Benefits of escrow
Escrow is meant to help homeowners avoid writing a large check at the end of the year and help show sellers that a buyer is serious about the transaction. Escrow has many benefits in homebuying, both for the buyer and the seller.
- Protection for the buyer: Escrow safeguards the buyer’s down payment until the sale goes through. The buyer is protected from losing the money in case of agreed-upon contingencies. Escrow also helps homeowners set aside money for taxes and insurance.
- Protection for the seller: Putting earnest money in escrow demonstrates the buyer’s commitment to purchasing the house and not abandoning the deal.
- Protection for the lender: By putting part of the monthly mortgage payment in escrow, the lender knows the funds are available for paying insurance premiums and taxes on the property.
- How much are escrow fees?
Escrow fees vary greatly, depending on where you live and your home’s purchase price. Most of the time, the escrow officer calculates buyers’ and sellers’ fees separately. Escrow costs are usually
included at closing
and go toward the total closing cost amount (typically between 2% and 5% of the purchase price). If you break it out, the initial escrow payment required at closing is around 1%.
For example, let’s say your home’s purchase price is $300,000. There might be a base fee of $500 plus a $2 fee per $1,000, which equals $1,100. The buyer and the seller would both be charged this fee, which equals $2,200.
- What is escrow balance?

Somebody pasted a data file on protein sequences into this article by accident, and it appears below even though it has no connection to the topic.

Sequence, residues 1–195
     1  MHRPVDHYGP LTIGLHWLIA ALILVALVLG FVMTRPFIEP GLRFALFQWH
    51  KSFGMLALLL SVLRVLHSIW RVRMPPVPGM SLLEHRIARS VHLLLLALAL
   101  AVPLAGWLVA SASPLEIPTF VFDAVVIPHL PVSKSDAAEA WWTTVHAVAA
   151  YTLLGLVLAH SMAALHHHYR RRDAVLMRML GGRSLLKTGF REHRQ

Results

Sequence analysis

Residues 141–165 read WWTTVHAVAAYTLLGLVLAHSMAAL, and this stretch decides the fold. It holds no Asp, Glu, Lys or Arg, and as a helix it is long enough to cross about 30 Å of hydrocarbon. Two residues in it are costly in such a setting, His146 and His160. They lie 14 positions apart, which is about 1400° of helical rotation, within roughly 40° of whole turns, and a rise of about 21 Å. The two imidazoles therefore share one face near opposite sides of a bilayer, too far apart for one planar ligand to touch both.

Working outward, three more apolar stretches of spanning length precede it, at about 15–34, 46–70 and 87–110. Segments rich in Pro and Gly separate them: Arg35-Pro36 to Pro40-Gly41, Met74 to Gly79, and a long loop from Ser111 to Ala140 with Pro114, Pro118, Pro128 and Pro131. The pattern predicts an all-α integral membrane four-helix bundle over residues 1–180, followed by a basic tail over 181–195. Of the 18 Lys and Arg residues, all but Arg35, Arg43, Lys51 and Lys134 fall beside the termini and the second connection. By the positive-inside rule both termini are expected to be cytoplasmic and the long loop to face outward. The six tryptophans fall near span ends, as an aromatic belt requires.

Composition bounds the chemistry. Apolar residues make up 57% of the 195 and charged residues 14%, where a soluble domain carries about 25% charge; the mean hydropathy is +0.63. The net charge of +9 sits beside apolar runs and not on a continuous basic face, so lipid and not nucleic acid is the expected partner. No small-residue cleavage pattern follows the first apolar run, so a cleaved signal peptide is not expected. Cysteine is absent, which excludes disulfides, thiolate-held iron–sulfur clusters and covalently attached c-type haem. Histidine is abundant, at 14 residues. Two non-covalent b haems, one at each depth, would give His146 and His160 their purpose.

- Escrow balance is the amount you have in your escrow account at any given time. Your escrow balance is managed by a neutral third party and put toward homeowners insurance premiums and property taxes on your behalf.
- Can I pay my escrow in advance?
- Yes, you can pay escrow in advance. However, be aware that making extra escrow payments will not go toward paying down your principal balance. It’s smart to contact your mortgage lender if you have any questions about making more payments toward your escrow balance.
- What is an escrow refund?
- An escrow refund is much like it sounds — it means you put more into the account than you needed, and a portion is returned back to you. Remember that your escrow officer or agent estimates your payments, so they are not set in stone. If you pay more than you need, your escrow agent refunds you the difference.
- Do escrow accounts earn interest?
- No, escrow accounts typically do not earn interest.
- How long does it take to close escrow?
- In most cases, you’ll close escrow on the same day you finalize and close on the home purchase. Thus, it might take up to 45 days, in theory, to close escrow.
- What are escrow services?
- Escrow services provide a secure and safe way to complete large financial transactions. Escrow companies and escrow officers are neutral third parties that hold money or property on behalf of the buyer and the seller. The escrow company makes the transaction safer and smoother.
- What is earnest money?
- When you make an offer on a house, you write an earnest money check. Earnest money functions as a promise to the seller that you intend to follow through with the purchase. The funds are put into an escrow account and transferred to the seller when closing is complete.
- Do you need an escrow account?
- Although no federal law mandates that you open an escrow account, most conventional mortgage lenders do require you to open an escrow account as part of the homebuying process.